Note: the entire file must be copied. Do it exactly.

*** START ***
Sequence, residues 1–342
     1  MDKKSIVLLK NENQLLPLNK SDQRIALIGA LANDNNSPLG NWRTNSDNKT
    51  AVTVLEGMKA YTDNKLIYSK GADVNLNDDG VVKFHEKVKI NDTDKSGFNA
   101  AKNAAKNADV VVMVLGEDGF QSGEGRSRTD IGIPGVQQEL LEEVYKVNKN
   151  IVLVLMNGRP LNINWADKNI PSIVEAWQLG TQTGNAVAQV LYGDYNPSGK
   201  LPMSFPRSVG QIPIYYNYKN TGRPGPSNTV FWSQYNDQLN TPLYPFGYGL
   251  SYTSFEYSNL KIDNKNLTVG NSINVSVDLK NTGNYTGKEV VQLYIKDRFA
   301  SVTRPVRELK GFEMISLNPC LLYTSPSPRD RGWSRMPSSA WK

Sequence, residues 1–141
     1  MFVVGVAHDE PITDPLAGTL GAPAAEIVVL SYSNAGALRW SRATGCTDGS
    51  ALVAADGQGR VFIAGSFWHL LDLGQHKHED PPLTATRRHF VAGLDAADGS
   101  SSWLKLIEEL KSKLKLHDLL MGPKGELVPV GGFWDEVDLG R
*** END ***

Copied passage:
Sequence, residues 1–342
     1  MDKKSIVLLK NENQLLPLNK SDQRIALIGA LANDNNSPLG NWRTNSDNKT
    51  AVTVLEGMKA YTDNKLIYSK GADVNLNDDG VVKFHEKVKI NDTDKSGFNA
   101  AKNAAKNADV VVMVLGEDGF QSGEGRSRTD IGIPGVQQEL LEEVYKVNKN
   151  IVLVLMNGRP LNINWADKNI PSIVEAWQLG TQTGNAVAQV LYGDYNPSGK
   201  LPMSFPRSVG QIPIYYNYKN TGRPGPSNTV FWSQYNDQLN TPLYPFGYGL
   251  SYTSFEYSNL KIDNKNLTVG NSINVSVDLK NTGNYTGKEV VQLYIKDRFA
   301  SVTRPVRELK GFEMISLNPC LLYTSPSPRD RGWSRMPSSA WK

Sequence, residues 1–141
     1  MFVVGVAHDE PITDPLAGTL GAPAAEIVVL SYSNAGALRW SRATGCTDGS
    51  ALVAADGQGR VFIAGSFWHL LDLGQHKHED PPLTATRRHF VAGLDAADGS
   101  SSWLKLIEEL KSKLKLHDLL MGPKGELVPV GGFWDEVDLG R